Amazing Spaces: How Spiral Farming Could Revolutionize Urban Growing 

Imagine a world where resilient, thriving communities are the norm, and where hunger is a thing of the past. Water scarcity and food insecurity in climate-vulnerable and low-income regions have been replaced by plenty of fresh produce grown in soil restoring farms, food forests, and gardens.

Growing to Give, a US non-profit, claims that this dream could become the key to community food resilience even in the smallest urban spaces. Growing to Give highlights two unique food growing systems, Crop Circle Farm and Gardens and a vine growing system called the Tomato Volcano, both of which are dedicated to transforming the landscape of agriculture and community well-being. Growing to Give’s mission is to combat water scarcity and food insecurity by promoting sustainable agriculture — optimizing efficient and productive growing areas in climate-vulnerable and low-income regions.

From small container gardens and backyard growing spaces to urban farms and rural acreages, Crop Circle Farms and Gardens are both pretty and productive. The organization states that these spiral food formations use 90 percent less water, 85 percent less fertilizer and a quarter of the land space used by conventional agriculture, and that they work synergistically with the natural environment above and below the soil thereby supporting biodiversity.

The Tomato Volcano is the organization’s showcase. The design keeps plants elevated from the soil and facilitates air circulation, preventing excess moisture that can lead to molds and mildews, and allowing for vines to grow as they would in nature over undulating ground.

During drought and wildfire season, plants still flourish. The organization says that users report that the systems are easy to harvest and require zero weeding, and that a small-scale farmer using a Tomato Volcano system in South Africa could expect a tenfold increase in tomato yields compared to traditional methods. Growing to Give claims that a Tomato Volcano system uses 50 percent less water than other methods and is based on an heirloom model that grows new plants from a non-GMO cultivar. Moreover, it is designed to last for generations. Marine-grade stainless steel construction can last 260 years, minimizing the ecological impact associated with manufacturing and the waste associated with short-lived products destined for the landfill.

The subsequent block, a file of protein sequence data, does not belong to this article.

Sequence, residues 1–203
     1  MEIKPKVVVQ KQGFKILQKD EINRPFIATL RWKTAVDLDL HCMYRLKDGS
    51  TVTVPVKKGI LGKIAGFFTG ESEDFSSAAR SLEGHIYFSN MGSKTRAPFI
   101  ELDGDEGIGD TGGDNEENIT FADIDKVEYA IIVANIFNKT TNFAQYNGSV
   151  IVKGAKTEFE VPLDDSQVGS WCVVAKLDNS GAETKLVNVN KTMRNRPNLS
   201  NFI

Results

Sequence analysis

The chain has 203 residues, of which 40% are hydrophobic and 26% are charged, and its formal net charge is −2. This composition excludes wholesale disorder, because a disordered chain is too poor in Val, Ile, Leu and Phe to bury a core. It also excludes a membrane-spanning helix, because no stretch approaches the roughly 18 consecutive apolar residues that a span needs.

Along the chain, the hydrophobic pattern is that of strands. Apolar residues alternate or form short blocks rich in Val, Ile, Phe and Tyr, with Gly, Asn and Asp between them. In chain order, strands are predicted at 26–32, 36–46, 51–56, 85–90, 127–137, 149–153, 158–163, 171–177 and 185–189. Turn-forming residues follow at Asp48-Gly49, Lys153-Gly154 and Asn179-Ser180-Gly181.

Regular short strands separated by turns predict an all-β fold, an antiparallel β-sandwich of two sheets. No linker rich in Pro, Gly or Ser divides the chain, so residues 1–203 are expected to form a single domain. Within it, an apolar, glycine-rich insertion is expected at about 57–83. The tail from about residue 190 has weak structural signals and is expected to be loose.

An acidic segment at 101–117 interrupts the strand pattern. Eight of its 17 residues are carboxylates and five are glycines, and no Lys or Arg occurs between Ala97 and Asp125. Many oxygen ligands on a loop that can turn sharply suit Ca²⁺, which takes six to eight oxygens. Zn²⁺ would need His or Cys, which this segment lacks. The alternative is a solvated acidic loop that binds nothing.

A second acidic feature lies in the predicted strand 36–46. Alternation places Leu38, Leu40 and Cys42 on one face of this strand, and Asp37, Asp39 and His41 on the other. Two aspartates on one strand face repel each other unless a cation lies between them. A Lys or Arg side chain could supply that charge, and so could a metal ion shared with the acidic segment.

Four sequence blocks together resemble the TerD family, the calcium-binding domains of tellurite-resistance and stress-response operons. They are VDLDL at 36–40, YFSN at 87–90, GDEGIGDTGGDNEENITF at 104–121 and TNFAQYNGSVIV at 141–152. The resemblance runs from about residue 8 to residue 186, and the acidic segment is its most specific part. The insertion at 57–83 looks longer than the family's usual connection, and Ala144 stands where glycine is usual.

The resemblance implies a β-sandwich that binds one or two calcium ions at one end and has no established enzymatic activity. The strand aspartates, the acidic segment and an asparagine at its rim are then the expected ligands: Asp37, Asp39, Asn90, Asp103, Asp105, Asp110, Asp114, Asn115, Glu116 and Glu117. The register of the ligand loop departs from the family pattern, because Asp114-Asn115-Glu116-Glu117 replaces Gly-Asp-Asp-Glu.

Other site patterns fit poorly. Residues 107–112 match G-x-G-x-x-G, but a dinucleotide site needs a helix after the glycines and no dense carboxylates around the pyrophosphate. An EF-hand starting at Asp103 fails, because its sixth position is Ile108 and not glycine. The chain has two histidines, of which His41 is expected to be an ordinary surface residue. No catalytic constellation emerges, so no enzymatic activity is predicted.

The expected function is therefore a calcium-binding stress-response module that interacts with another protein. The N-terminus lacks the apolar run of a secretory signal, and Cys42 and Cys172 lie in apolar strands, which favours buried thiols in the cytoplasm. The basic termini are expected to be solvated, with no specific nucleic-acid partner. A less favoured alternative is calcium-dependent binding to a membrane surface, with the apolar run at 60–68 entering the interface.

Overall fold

Significantly boosting crop yields while conserving water and space in chemical-free growing environments means that Growing to Give can tackle food insecurity in many vulnerable parts of the world in a climate positive approach. It believes that a sustainable and equitable food system must come from innovations made to withstand the test of time.

Growing to Give says that it’s about empowering communities with the tools they need to thrive. The initiative, Strengthening Community Gardens Across America, Africa and the Caribbean, demonstrates Growing to Give’s commitment to educating farmers and communities in sustainable agriculture practices and sustainable living through webinars and online courses and resources.

“One of our volunteers harvesting 4000 lbs of bell peppers for the food bank” – photo by Growing to Give.

Those using the Growing to Give’s agricultural systems have expressed a deeper understanding of the environmental impact of their food choices and gardening practices. The organization’s long-term vision is to ensure that the impact lasts well beyond the next decade.

Those thriving communities may be just up ahead on the road toward a more sustainable food system. Growing to Give says that its initiatives are already enabling women who have traditionally been underrepresented in the economics of agriculture, to take a more active role, giving them economic independence. Promoting cooperation and engagement at all stages of its programs, it reports that farmers and smallholders are already creating more cohesive communities, growing more food, sharing knowledge, and building a sense of shared purpose and belonging as they tackle food security and climate-positive growing together.

Learn more about Growing to Give.

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